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30 November 2009

GOULASH

When we first visited Vienna, we were wandering around one day around lunchtime, our heads full of Franz-Joseph and the Hollernzollern, and we ducked into a sort of pub for lunch. Inside was warm wood paneling and a limited but interesting menu. The thing that attracted me most was Goulash. I ordered it, and when it came I was transported. Imagine the best beef stew you’ve ever tasted: beef cooked till it’s falling apart, sauce rich and with just enough heat to warm you through without killing off tastebuds. No vegetables to interfere with the marriage of beef and sauce. Oh, man, was it delicious. After that I had to try all the sorts of goulash available in Vienna. There are a lot--there’s even a goulash museum! In the end, my favorite was the one I tried first, Fiacre Goulash. In Austria it’s served with a Viennese sausage and a fried egg on top. I skip that part and serve it over steamed new potatoes.


Fiacre Goulash

Recipe adapted from Austrian Specialties*


Roughly 1 Kilo / 2 pounds beef for roasting

4 medium onions

2 T olive or canola oil

2 T hot paprika

1 T vinegar

750 ml / 3 cups (approximately) beef stock

3 cloves garlic, crushed

1/2 tsp thyme

1/2 tsp cumin

1 more cloves garlic, crushed

2 T tomato paste

salt, pepper


  • Cut beef into large chunks. Peel the onions and chop them -- not too large.
  • Heat oil in a large pot and saute onions slowly till they’re golden. Sprinkle with paprika, add vinegar and several tablespoons of beef stock.
  • Add cubed meat and seasonings. Reduce heat, cover and simmer for about 1 1/2 hours, adding stock as necessary to keep it moist and covered with stock.
  • When the meat is tender, add the remaining stock, tomato paste and the last garlic clove. Simmer 10 more minutes and season to taste with salt and pepper.


Serves 4 if they like it and 10 if they don't.


Notes:

  • If you’re going to be busy, you can add all the stock at once, but you still have to stir it and the problem is that when the beef is perfectly done you may have too much liquid in there so you have to continue to cook it...
  • This is one of those dishes that improves with time. Be sure to make enough to have leftovers!


* This is a small recipe book published for tourists. It has no date of publication on it, but I bought it in 2002.


26 November 2009

ORANGE CARDAMOM UPSIDE-DOWN CAKE



What? Orange cardamom upside down cake? What gives?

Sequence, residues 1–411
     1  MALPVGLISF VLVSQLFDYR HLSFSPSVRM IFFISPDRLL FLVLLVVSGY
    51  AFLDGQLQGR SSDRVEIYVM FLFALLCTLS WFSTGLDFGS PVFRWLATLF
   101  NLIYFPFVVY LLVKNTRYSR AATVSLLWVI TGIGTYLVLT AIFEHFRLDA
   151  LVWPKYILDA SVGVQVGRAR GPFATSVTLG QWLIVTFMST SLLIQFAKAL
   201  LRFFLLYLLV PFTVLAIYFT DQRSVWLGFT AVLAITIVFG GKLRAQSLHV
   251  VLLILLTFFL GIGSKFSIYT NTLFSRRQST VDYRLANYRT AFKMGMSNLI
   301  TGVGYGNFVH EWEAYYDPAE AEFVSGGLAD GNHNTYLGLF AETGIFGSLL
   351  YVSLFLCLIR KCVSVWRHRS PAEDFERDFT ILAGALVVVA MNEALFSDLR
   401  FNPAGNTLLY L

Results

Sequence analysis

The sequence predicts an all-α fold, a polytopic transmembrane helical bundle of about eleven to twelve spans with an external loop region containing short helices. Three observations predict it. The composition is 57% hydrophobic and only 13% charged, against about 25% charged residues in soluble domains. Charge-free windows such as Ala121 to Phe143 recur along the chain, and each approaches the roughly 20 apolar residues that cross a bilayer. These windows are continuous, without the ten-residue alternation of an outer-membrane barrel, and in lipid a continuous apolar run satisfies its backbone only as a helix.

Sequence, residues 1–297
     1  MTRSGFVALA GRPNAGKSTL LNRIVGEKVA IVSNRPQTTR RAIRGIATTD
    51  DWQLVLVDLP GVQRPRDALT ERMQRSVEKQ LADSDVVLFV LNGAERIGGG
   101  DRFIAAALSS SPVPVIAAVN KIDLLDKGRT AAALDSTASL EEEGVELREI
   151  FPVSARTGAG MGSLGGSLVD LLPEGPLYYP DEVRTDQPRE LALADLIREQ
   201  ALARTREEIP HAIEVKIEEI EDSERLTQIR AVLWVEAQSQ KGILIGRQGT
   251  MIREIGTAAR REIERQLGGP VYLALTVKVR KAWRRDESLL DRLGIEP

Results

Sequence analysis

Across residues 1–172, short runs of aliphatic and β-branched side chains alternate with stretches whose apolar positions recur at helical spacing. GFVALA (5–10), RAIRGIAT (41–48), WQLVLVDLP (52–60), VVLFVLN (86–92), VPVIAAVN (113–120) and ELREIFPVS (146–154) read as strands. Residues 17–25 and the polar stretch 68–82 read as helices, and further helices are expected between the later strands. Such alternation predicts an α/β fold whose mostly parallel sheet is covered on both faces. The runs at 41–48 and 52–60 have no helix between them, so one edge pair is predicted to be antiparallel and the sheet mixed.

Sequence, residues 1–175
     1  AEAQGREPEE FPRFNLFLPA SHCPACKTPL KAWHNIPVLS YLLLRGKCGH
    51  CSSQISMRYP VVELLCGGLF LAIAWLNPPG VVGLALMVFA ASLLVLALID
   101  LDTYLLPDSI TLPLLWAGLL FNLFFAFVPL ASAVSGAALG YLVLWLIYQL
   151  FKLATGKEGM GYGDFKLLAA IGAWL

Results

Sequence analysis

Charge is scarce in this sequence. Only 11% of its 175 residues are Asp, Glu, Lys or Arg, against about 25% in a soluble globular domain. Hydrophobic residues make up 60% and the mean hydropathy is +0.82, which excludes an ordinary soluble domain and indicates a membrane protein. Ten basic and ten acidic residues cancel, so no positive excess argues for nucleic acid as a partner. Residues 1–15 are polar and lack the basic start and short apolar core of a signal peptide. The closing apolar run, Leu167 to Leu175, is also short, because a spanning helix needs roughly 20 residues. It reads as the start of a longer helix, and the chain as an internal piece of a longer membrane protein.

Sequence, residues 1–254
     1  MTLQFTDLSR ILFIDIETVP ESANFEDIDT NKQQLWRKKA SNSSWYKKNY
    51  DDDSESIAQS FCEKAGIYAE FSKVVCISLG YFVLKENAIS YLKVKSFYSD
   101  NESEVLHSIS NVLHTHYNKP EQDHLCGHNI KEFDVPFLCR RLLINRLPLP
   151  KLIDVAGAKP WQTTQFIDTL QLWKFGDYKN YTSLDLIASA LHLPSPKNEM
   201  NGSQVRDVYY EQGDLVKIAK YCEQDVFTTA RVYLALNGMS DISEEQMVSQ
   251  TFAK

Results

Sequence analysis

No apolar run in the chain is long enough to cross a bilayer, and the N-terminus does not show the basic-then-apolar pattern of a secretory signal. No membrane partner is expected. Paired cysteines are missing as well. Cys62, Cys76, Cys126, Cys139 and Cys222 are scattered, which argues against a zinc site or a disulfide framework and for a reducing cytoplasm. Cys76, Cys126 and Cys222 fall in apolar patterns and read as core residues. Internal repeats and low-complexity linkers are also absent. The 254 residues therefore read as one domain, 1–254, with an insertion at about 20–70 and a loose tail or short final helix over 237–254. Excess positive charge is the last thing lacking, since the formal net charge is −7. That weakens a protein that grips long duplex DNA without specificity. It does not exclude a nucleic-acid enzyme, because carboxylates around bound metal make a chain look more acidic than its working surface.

OK, I know that today is the day for turkeys and cranberries and mincemeat pie, but at our house Thanksgiving is this coming Saturday. That’s because here in Belgium nothing is closed today, and everybody has to work. So we’re celebrating on Saturday, when I’ll cook the only whole turkey in Belgium this week, if you don’t count those that are still walking around. More about that later...


I saw this cake at The Pastry Studio, and knew I had to try it. Anything that uses cardamom and oranges is OK with me. And if you can add some pink peppercorns, that’s even better. No peppercorns in this one, though, but it’s still pretty amazing.


I had a little kitchen detour on the way to making this cake. As I was trying to describe upside down cake to my friend Fran├žoise, she said, “oh, a Tarte Tatin”. Hmmmmmm, I wondered, could I make an orange and cardamom Tarte Tatin? Was that even possible? Gentle reader, I tried it: I caramelized the sugar with orange juice and some cardamom, I artfully arranged the orange slices, I lovingly placed the crust on top and I baked it until it was golden brown on the top/bottom. I inverted it on a plate, and I am here to tell you that orange Tarte Tatin is just a bad idea. It tasted wonderful, but there is one very big problem: oranges are all about juice. Tarte Tatin is not a really juicy dish. That’s all I’m going to say about it.


It was so ugly that Dan and I laughed as we ate it, but I LOVED flavors. So I decided to go back to my original idea (actually, The Pastry Studio’s original idea) and try the cake. Of course, I had to change it a little bit. But not too much, actually. It was pretty intriguing as it was.